Magnetic resonance imaging improves 3-month outcome prediction in mild traumatic brain injury

Esther L. Yuh, Pratik Mukherjee, Hester F. Lingsma, John K. Yue, Adam R. Ferguson, Wayne A. Gordon, Alex B. Valadka, David M. Schnyer, David O. Okonkwo, Andrew I.R. Maas, Geoffrey T. Manley

Research output: Contribution to journalArticlepeer-review

253 Scopus citations

Abstract

Objective To determine the clinical relevance, if any, of traumatic intracranial findings on early head computed tomography (CT) and brain magnetic resonance imaging (MRI) to 3-month outcome in mild traumatic brain injury (MTBI). Methods One hundred thirty-five MTBI patients evaluated for acute head injury in emergency departments of 3 LEVEL I trauma centers were enrolled prospectively. In addition to admission head CT, early brain MRI was performed 12 ± 3.9 days after injury. Univariate and multivariate logistic regression were used to assess for demographic, clinical, socioeconomic, CT, and MRI features that were predictive of Extended Glasgow Outcome Scale (GOS-E) at 3 months postinjury. Results Twenty-seven percent of MTBI patients with normal admission head CT had abnormal early brain MRI. CT evidence of subarachnoid hemorrhage was associated with a multivariate odds ratio of 3.5 (p = 0.01) for poorer 3-month outcome, after adjusting for demographic, clinical, and socioeconomic factors. One or more brain contusions on MRI, and ≥4 foci of hemorrhagic axonal injury on MRI, were each independently associated with poorer 3-month outcome, with multivariate odds ratios of 4.5 (p = 0.01) and 3.2 (p = 0.03), respectively, after adjusting for head CT findings and demographic, clinical, and socioeconomic factors. Interpretation In this prospective multicenter observational study, the clinical relevance of abnormal findings on early brain imaging after MTBI is demonstrated. The addition of early CT and MRI markers to a prognostic model based on previously known demographic, clinical, and socioeconomic predictors resulted in a >2-fold increase in the explained variance in 3-month GOS-E. ANN NEUROL 2013;73:224-235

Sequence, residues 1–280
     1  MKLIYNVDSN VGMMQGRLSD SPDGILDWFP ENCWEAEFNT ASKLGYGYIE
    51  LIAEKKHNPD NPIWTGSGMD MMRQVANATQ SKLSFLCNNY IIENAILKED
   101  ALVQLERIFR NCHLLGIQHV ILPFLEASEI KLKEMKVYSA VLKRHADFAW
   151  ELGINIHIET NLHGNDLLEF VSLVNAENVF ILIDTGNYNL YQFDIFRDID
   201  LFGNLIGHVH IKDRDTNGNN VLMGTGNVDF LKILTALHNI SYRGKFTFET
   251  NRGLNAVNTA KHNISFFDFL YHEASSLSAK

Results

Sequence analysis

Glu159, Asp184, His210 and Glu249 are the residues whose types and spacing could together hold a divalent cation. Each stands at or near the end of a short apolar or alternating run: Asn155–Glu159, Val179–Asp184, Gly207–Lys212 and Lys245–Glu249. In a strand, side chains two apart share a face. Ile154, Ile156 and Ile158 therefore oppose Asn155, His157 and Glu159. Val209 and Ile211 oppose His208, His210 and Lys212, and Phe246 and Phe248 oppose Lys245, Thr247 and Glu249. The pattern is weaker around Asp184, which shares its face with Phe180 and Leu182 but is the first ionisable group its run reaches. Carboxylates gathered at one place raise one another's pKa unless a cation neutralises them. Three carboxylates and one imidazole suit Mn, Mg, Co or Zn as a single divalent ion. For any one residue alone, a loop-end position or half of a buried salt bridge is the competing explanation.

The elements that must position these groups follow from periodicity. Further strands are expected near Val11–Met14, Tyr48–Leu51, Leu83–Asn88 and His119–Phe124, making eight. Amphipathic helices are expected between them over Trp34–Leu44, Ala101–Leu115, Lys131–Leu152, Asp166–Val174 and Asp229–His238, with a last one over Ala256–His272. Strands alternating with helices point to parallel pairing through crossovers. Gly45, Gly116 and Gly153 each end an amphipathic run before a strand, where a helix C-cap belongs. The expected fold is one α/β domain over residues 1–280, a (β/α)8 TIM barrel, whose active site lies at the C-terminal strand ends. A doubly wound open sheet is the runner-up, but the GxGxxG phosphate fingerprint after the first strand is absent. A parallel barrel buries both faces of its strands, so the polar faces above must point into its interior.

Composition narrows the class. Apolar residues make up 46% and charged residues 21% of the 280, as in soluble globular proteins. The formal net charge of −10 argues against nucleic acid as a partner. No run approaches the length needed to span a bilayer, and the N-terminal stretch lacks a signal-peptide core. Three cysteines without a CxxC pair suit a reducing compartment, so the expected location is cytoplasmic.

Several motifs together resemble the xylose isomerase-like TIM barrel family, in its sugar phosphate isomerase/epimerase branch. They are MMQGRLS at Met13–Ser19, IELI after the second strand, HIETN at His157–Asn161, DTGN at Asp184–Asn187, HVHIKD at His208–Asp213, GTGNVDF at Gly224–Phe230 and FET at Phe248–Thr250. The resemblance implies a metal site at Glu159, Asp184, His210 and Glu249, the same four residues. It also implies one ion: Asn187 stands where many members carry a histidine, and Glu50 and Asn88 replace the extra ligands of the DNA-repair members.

Original languageEnglish (US)
Pages (from-to)224-235
Number of pages12
JournalAnnals of Neurology
Volume73
Issue number2
DOIs
StatePublished - Feb 2013
Externally publishedYes

ASJC Scopus subject areas

  • Neurology
  • Clinical Neurology

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